Binocular vision, visual function and pupil dynamics in people living with dementia
- Type of funding: Fight for Sight / The Royal Society of Medicine Primer Fellowship Award
- Grant Holder: Dr Marianne Coleman
- Institute: University of Surrey
- Region: South East
- Start date: October 2018
- End Date: September 2019
- Priority: Early detection
- Eye Category: Neuro-ophthalmology
People with dementia experience difficulties coping with visual issues. Problems with binocular vision (using the eyes together) can lead to double vision, headaches and sore eyes and coupled with a loss of depth perception can increase the risk of falls and make hand-eye coordination tasks harder. Such problems are remedied with simple treatments, yet testing for this is not included in current dementia friendly eye test guidelines.
Depth perception problems are common in Alzheimer's disease and other forms of dementia, but no study to date has found out how often these problems occur. It’s unknown whether they interact with other eye-related markers of dementia, such as changes in the pupil, or letter chart vision, or if changes in these over time match the changes in memory and brain structure or function.
Dr Coleman aims to find out how common binocular vision problems and pupil changes are in people with recently-diagnosed dementia. The relationship between changes in binocular vision, pupils, level of letter chart vision, and memory test scores over time will be examined to determine whether changes are related to changes in brain structure, or activation of brain areas used in vision for people with Alzheimer's disease.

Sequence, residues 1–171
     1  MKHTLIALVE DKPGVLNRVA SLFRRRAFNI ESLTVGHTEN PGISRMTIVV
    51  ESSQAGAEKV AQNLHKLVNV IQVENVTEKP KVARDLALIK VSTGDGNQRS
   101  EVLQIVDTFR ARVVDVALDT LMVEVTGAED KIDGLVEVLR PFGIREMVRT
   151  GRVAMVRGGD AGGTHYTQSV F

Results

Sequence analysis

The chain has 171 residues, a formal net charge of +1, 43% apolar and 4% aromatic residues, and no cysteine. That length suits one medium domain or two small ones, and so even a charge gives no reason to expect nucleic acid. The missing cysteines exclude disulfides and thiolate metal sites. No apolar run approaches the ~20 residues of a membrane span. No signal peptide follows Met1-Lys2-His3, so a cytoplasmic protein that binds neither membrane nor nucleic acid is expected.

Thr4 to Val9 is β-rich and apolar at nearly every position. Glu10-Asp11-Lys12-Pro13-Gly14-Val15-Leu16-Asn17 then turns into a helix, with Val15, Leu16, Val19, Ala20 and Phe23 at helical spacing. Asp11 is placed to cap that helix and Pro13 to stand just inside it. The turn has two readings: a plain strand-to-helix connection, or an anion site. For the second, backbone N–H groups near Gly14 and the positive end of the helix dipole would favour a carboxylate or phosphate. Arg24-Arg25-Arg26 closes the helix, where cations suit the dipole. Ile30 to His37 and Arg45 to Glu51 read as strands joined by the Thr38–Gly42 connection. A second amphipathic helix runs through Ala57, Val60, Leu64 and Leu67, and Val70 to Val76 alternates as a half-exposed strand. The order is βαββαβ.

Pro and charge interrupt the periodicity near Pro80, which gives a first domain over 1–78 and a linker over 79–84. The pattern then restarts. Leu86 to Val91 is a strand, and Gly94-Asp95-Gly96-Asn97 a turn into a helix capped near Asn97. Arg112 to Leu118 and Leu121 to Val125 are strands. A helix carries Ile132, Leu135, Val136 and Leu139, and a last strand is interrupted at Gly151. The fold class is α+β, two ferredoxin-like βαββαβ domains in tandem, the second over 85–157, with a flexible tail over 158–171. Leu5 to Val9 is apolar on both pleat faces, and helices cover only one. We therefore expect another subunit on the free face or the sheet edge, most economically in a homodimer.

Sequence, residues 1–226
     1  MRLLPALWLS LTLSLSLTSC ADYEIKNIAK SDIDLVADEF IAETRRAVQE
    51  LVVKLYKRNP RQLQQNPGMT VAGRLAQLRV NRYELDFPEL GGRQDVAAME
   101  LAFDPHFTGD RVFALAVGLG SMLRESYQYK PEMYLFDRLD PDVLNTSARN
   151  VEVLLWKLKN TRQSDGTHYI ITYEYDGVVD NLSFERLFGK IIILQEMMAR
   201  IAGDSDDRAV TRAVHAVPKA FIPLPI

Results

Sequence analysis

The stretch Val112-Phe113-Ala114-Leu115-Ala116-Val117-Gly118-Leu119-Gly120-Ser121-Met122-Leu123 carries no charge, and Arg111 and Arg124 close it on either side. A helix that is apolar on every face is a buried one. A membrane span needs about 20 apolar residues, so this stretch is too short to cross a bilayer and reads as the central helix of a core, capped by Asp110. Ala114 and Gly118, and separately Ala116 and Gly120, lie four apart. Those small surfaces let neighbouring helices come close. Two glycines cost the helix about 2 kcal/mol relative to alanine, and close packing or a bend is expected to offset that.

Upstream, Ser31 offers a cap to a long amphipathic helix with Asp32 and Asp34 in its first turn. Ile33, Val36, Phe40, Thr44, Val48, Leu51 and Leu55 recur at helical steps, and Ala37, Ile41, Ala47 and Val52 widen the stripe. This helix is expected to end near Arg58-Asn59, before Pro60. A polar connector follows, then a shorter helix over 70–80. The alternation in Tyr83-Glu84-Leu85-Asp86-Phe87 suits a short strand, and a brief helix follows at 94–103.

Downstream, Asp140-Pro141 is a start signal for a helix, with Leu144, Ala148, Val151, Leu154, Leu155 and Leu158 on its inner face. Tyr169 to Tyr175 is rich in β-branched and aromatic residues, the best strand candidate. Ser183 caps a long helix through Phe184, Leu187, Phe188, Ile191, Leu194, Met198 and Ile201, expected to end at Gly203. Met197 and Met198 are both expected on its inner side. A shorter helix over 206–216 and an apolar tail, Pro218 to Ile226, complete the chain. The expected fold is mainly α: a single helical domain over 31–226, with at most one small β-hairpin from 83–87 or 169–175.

240 people recently diagnosed with dementia (within the last 12 months) will be invited to have an eye check-up. They will play an easy 3D game and look at a computer screen while trying to remember a few numbers, and do a memory test. 30 people with Alzheimer's disease will have an MRI scan. Everybody will be retested twice, four months apart. People who had a MRI scan will have a second scan just before/after the last check-up. Significant changes between visits in: letter chart vision, binocular vision, pupil responses, memory test scores, brain structure, and activation of brain areas used in vision will be observed. A calculation will be performed to determine how common depth perception and binocular vision problems are in the group.
This project will show how often people with dementia experience binocular vision problems. If they are frequent, diagnosing/treating them could improve the quality of life for those affected. This research will show whether changes in depth perception, pupil responses and quality of vision relate to changes in memory, and brain structure/function. If they are related, these quick and non-invasive eye-tests will help to monitor dementia. This would justify whether binocular vision and pupil response testing should be included in dementia-friendly eye-testing guidelines.